A spirited discussion broke out on my Facebook page over a recent article in the New York Times characterizing Thomas Jefferson as a “monster.” (http://tinyurl.com/d6cnc3o.) During the course of the discussion, I decried hatchet jobs in general, pointing out that there was usually a lurking target that was not obvious to the reader. For instance, in the case of Jefferson and slavery, the historian author (Paul Finkelman) might be solely interested in Jefferson’s racism and moral failures regarding slaveholding, or there might be a larger agenda: namely the post-60s campaign to regard the Founding Fathers and the framing of the Constitution as morally tainted, with subsequent Americans battening off their ill-gotten gains. (See http://clarespark.com/2011/10/30/collectivism-in-the-history-establishment/. )
As I have written frequently, for leftists and left-leaning corporatist liberals alike, America is seen as essentially racist, sexist, imperialist, and anti-environment. In other words, we not only fail to historicize the individual and intellectually diverse Founders in their 18th century context, we are reiterating the most virulent Soviet and even Nazi propaganda. (In the latter case, it was held that Jews controlled the US, pushing it to such atrocities as the extermination of the Aryan-like indigenous “Indians,” or, during WW2 and more recently, Nazis and their sympathizers argued that Americans were fighting what was in effect a war that solely benefited “the Jews.”)
Since the election that re-elected the first black president, I have seen much gloom emanating from Romney supporters. I myself have suggested that there is something proto-fascist about the current direction of our country, while others declare that POTUS is a straight out Communist/Third Worlder, seeking to destroy America, aiming at its very foundations as a capitalist, free market society.
Both these pessimistic, if plausible, views are speculative, but perhaps we can get more precise if we understand the rationale behind “petit-bourgeois” radicalism (populism), both as it has existed in “middle class” America, and as an explanation for Hitler’s base in the so-called Mittelstand (i.e. the lower middle-class in Germany, dominating the working class and resentful of the haute bourgeoisie). For after WW2, journalists and academics seized upon the petit-bourgeoisie as responsible for Hitler’s rise to power, stressing their mobbish susceptibility to propaganda and the class resentments that Hitler exploited so effectively. Unfortunately, they ignored the conservative nationalists who put him in power, and even worse, structural continuities with Weimar social democracy and Bismarckian strategies against the rising German Left. Instead, they depicted Hitler as crazy and/or as a failed artist/thug, and explained his popularity as the effectiveness of images and propaganda in general. (This was the legacy of German Idealism that held images to constitute “reality,” a view that ignored institutions and other structural and cultural factors.)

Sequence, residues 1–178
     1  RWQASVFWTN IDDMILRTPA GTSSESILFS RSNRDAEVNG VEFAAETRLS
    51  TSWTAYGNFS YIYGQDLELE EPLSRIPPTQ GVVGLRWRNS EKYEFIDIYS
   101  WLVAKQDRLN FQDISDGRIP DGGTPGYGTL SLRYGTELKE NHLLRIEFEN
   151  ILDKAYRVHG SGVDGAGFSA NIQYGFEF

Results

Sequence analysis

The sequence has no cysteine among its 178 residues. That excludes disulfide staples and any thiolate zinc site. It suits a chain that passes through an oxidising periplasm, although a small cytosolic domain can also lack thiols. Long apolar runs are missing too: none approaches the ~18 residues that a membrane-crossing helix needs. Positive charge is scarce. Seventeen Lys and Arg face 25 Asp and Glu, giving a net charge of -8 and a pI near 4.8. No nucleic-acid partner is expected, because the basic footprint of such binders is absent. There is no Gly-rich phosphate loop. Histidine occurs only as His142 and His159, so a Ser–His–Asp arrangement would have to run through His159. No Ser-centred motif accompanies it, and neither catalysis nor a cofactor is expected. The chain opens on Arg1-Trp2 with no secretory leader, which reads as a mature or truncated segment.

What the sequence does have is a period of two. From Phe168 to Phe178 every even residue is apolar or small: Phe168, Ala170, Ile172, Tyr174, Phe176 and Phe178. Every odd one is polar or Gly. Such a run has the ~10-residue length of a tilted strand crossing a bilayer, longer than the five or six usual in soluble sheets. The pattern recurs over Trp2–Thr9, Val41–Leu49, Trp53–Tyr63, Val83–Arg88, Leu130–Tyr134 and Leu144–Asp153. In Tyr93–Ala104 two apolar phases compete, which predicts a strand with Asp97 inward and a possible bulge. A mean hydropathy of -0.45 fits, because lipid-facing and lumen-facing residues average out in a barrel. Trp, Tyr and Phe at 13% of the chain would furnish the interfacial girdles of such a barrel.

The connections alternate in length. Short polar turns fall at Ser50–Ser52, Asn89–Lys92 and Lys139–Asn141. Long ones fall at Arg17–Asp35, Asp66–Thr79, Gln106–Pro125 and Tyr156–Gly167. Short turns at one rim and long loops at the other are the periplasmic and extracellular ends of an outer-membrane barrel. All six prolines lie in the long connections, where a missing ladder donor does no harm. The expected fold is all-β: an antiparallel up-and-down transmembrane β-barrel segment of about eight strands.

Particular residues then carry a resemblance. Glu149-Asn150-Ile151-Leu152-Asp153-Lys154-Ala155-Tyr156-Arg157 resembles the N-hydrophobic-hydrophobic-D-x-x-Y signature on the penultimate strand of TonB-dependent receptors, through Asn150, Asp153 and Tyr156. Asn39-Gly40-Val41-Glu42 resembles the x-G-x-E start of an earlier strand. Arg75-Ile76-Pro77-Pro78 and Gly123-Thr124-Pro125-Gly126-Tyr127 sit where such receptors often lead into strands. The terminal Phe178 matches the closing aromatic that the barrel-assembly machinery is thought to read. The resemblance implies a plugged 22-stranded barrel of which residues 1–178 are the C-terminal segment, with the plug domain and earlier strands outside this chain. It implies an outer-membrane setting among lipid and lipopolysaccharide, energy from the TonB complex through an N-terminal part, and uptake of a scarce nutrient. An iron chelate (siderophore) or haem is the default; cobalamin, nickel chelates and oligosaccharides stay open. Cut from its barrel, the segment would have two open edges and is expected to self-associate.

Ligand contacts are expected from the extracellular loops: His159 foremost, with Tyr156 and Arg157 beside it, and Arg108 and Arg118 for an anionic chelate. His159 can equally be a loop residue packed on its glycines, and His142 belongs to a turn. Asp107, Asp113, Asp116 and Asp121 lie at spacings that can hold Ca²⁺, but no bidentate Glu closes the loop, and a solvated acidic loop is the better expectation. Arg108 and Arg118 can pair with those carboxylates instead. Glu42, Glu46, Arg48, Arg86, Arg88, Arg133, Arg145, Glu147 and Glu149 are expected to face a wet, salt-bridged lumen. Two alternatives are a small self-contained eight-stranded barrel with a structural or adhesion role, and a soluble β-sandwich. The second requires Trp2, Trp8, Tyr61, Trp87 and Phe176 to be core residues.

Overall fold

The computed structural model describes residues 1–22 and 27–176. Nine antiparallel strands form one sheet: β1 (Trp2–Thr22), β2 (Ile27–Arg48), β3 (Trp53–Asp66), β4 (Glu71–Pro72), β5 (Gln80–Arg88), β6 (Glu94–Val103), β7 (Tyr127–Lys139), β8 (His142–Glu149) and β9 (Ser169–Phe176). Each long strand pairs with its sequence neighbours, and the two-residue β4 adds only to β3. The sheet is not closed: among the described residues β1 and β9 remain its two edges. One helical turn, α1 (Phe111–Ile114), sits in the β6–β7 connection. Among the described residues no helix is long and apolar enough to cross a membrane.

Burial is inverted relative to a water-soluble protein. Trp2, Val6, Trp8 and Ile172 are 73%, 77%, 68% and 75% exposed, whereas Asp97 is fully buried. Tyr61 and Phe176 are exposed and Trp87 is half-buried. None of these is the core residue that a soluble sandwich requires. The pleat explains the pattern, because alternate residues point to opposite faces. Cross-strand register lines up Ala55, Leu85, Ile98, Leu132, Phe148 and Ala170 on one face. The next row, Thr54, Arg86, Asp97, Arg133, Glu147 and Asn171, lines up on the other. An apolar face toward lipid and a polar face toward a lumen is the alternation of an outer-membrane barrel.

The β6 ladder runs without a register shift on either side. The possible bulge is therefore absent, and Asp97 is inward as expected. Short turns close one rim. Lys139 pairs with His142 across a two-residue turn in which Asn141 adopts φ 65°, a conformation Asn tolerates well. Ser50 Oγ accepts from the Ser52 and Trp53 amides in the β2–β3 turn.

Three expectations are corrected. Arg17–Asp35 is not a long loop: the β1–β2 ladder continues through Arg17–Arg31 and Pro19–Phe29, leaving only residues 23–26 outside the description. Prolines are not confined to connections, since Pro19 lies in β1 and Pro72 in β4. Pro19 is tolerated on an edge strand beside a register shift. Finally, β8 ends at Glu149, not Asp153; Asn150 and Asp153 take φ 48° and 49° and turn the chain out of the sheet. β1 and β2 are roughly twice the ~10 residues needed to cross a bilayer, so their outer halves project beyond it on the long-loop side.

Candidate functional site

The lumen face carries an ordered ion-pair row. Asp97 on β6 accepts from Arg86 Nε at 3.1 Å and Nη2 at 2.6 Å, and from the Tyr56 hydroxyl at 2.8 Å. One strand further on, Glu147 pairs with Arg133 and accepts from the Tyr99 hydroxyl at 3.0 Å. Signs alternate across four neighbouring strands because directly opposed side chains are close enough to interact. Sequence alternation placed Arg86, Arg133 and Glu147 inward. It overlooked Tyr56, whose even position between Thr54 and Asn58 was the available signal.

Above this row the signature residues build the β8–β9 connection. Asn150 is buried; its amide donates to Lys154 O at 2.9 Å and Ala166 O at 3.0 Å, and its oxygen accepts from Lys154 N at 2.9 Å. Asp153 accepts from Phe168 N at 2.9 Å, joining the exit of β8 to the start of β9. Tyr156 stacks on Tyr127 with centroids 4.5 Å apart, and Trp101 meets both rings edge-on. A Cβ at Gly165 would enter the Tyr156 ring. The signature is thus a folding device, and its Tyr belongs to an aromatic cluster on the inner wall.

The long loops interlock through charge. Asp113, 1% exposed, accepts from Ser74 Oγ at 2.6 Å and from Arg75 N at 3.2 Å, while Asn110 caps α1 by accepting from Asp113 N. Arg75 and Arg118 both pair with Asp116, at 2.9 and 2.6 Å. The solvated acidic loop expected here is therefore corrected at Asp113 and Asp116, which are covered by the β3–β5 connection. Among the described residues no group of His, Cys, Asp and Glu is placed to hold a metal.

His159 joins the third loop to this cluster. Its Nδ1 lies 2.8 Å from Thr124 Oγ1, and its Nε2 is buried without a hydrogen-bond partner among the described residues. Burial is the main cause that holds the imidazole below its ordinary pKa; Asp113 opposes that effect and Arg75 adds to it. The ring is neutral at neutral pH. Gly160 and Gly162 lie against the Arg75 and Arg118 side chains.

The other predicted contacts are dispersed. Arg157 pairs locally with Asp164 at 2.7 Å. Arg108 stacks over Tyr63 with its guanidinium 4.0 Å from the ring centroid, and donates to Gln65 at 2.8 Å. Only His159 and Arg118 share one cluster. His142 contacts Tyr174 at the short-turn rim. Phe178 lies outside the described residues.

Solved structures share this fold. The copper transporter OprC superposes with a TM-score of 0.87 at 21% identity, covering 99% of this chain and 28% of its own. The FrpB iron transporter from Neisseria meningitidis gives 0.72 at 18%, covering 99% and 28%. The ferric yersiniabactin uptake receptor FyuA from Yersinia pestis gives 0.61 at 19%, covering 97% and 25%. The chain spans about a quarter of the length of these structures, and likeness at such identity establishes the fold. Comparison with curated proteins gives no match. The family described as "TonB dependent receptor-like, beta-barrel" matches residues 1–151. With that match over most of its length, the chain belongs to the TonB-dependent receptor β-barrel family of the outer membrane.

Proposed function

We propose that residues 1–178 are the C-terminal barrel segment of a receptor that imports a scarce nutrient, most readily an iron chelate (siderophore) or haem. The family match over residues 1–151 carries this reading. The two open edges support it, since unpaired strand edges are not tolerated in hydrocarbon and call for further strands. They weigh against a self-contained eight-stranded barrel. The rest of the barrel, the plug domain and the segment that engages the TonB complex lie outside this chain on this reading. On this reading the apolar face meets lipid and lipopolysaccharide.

During the period of my life starting in 1969 at Pacifica Radio and on through getting my doctorate (1983-1993) and then shopping my expanded dissertation (1993-1999), I watched the direction of the civil rights movement/the women’s movement that had stirred me out of somnolence during the 1960s. What stunned me was the success of upwardly mobile persons of color and women in climbing the ladders of academe, the media, and to some extent, in business and the professions. What I was not prepared for was the failure of the integrationist project in favor of cultural nationalism and even black supremacy as urged by such theologians as James Cone and his allies in the Chicago Democratic machine. (See http://en.wikipedia.org/wiki/James_Hal_Cone.) I was even more startled to see that black nationalism had pretty much taken over the civil rights movement by the mid-1960s (see http://clarespark.com/2009/10/31/the-offing-of-martin-luther-king-jr-and-ralph-bunche/, or http://clarespark.com/2012/11/09/race-and-the-problem-of-inclusion/.)
What does this have to do with Obama’s character and motives, open or hidden? We might do better to see him as an ambitious petit-bourgeois radical, i.e., a populist, rather than as either a fascist-in-waiting or a communist. Like his wealthy liberal supporters, he protects his own reputation by attacking [Republican] elites as the originators of “inequality,” while he satisfies his minority constituencies by increasing public sector employment and supporting teachers unions who promulgate the anti-American history curriculum described above. The aim is to instill liberal guilt and hence unquestioning support of the first black president, even as he moves toward dictatorship and reverses prior economic positions that gained him support as a “moderate.”
But keep in mind that although Marxist-Leninism supposedly focuses on the working class as the agent of revolutionary socialism, there is a strong populist appeal to this ideology, for instance in the demonization of “finance capital.” (See http://clarespark.com/2012/08/05/hating-finance-capital/.) And right-wing populism was undoubtedly the decisive factor in Hitler’s rise to power and to popular support for his entire regime. I remain worried about the transition from populism/progressivism to full-throated dictatorship, call it what you will.